This Colony review contains spoilers.
Colony Season 2 Episode 2
The horror of Colony lies in the unseen. I’m not referring to the aliens themselves, or whatever secret mind-bending conspiracy lurks beneath everything; that’s on the peripheral. I’m talking about the invisible terrors of zeitgeists, borders, power dynamics, emotional violence, duplicity, withheld information, bureaucracy, persecution, guilt and shame. Forces that drive people to do desperate things they don’t want to think they’re capable of doing. Forces that Will and Katie Bowman must to cope with every minute of every day living under The Occupation.
At the center of “Somewhere Out There” are two dilemmas that mirror each other.
Dilemma #1: Will finds Charlie under the abusive control of a Santa Monica Bloc warlord named Solomon.
Dilemma #2: Katie learns that Bram has been taken into a labor camp thanks to proxy governor Nolan (aka her sister Maddie’s lover).
Both of these predicaments force our heroes to bargain, make deals with the devils who have the power to give them their family back, and ask for a small semblance of peace that their hearts are aching for.
Yet even if the situations are strikingly similar, their circumstances are not. In the lawless wastelands of the Santa Monica Bloc, bargaining with the warlords will only get you so far. When there are no rules, there aren’t many repercussions for doing whatever’s necessary in order to get what you want. Or are there? Will is faced with this question in this episode’s final moments when he goes on a shooting spree through Solomon’s base to exact revenge for the year’s worth of abuse he inflicted on his son. Yes, it was gloriously shot. Yes, it was a perfect climax. Yes, it made Will an official badass. But was it worth it…really?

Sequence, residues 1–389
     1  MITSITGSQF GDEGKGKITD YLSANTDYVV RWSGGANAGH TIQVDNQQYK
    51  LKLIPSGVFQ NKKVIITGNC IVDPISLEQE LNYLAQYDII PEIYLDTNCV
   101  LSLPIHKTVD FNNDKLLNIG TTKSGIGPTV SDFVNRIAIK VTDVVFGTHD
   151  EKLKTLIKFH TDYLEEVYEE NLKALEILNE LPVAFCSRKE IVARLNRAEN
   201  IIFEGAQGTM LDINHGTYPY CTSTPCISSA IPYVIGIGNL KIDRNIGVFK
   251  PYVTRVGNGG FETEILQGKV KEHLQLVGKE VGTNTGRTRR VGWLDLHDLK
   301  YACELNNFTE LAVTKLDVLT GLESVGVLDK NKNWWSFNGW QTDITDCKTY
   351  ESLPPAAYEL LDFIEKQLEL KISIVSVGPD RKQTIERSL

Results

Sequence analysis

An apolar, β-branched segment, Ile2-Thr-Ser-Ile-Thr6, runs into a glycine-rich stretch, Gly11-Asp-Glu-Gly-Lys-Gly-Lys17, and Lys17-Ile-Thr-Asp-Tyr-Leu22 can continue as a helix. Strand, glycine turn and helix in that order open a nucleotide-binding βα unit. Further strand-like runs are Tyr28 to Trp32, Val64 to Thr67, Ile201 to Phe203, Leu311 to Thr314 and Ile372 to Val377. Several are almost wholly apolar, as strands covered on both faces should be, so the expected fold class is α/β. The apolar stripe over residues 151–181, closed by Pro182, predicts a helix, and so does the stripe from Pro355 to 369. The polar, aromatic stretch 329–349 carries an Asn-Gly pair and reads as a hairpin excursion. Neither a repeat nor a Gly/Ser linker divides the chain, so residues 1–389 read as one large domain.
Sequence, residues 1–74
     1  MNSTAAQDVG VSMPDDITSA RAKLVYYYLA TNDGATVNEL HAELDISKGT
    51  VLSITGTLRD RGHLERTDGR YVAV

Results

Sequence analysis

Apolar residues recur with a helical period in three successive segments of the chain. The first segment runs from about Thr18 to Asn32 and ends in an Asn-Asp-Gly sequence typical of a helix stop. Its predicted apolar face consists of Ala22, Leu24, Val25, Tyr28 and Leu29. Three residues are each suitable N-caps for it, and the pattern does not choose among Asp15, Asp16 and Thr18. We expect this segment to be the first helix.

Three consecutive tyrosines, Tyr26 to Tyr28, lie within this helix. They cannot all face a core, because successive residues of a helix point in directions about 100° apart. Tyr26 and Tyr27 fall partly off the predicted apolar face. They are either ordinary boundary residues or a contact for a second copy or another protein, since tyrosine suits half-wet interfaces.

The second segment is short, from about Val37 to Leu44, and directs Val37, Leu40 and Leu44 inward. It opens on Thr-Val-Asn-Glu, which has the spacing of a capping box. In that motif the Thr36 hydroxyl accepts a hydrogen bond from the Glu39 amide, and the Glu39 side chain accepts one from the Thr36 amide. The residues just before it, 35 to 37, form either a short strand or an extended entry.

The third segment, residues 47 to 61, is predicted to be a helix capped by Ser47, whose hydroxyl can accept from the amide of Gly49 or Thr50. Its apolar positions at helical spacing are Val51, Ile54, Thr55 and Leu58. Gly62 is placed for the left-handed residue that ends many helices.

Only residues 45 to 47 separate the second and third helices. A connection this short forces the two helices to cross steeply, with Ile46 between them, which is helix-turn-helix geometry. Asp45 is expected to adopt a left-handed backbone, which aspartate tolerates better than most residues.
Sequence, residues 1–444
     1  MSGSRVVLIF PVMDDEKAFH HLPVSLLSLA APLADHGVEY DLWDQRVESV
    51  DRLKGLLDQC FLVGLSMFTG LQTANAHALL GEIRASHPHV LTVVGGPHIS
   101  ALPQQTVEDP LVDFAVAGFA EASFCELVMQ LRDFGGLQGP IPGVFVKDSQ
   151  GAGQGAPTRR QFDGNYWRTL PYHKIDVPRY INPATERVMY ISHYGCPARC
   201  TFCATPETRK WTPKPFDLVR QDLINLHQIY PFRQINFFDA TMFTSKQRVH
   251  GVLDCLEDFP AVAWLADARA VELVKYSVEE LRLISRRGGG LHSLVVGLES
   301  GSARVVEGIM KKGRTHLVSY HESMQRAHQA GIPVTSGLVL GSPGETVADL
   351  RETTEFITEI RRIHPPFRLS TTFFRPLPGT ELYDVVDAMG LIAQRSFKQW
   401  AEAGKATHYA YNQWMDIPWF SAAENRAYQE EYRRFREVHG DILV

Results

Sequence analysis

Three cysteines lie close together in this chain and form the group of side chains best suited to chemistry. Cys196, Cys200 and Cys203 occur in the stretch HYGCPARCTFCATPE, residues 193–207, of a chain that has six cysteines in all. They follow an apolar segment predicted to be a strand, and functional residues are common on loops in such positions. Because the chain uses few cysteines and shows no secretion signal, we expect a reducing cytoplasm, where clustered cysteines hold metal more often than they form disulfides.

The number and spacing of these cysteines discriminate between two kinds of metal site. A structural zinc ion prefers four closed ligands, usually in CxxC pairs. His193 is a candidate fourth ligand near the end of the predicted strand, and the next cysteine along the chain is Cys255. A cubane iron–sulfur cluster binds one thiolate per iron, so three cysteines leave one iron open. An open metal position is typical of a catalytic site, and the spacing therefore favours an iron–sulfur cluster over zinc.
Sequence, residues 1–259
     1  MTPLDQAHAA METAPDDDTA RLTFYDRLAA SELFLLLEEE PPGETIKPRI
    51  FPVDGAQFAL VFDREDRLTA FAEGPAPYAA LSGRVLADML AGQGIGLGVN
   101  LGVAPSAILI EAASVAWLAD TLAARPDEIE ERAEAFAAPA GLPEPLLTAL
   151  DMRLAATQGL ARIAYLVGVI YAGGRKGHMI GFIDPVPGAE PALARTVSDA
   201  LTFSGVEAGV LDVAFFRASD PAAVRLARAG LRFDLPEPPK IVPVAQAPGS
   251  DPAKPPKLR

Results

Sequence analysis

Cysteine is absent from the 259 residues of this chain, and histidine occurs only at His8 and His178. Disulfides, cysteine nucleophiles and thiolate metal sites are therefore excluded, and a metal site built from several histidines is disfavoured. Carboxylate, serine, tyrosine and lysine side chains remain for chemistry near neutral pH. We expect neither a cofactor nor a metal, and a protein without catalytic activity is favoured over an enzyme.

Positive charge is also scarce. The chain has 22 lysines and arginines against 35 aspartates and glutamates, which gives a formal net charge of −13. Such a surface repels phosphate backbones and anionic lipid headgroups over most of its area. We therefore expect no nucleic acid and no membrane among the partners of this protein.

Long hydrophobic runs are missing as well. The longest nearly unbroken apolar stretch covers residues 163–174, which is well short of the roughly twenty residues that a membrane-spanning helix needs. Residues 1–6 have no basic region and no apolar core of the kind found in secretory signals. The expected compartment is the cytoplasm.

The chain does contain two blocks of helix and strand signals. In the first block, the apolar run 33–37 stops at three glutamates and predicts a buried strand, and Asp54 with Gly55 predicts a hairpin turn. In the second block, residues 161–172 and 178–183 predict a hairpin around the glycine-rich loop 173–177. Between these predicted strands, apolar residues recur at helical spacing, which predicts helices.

Katie, on the other hand, doesn’t have that kind of luxury. She can’t take the law into her own hands. No one can in the Los Angeles Bloc, an oppressively bright world where The Occupation allows you to carry on with your life but only within the parameters they’ve set up. Katie can’t just storm into the labor camp where Bram is being held with a .45 and blow away each Redhat guard to get him back. Her hands are tied. She can only bargain. Beg. Pray. Worry. Sulk in her kitchen while being surveilled by Homeland Security.
So that’s what she does in “Somewhere Out There.” Katie nervously rushes around LA, searching for a sense of relief that can’t come soon enough. The feelings of woe and sadness she carried for Charlie’s disappearance have been mostly transferred to Bram now (he’s totally the new Charlie). Although we see her do the same mundane things we watched her do last year – biking through atmospheric scenes of Redhats frisking civilians while wearing the world on her shoulders, just to exchange liquor for information – it all feels a lot heavier than it used to. This is evidence of another unseen horror Colony revels in: the pain that you wear. My heart goes out to Katie Bowman perhaps more than any other character on this show, simply because Sarah Wayne Callies carries the emotional burdens of the show so well.
If Katie could barge into an alien labor camp and take down a crew of elite guards to get her son back, would she? I’d say yes, because she does the equivalent of this on the scale she can afford to. That’s why she and Will are (were?) together, after all: they both know how to storm castles.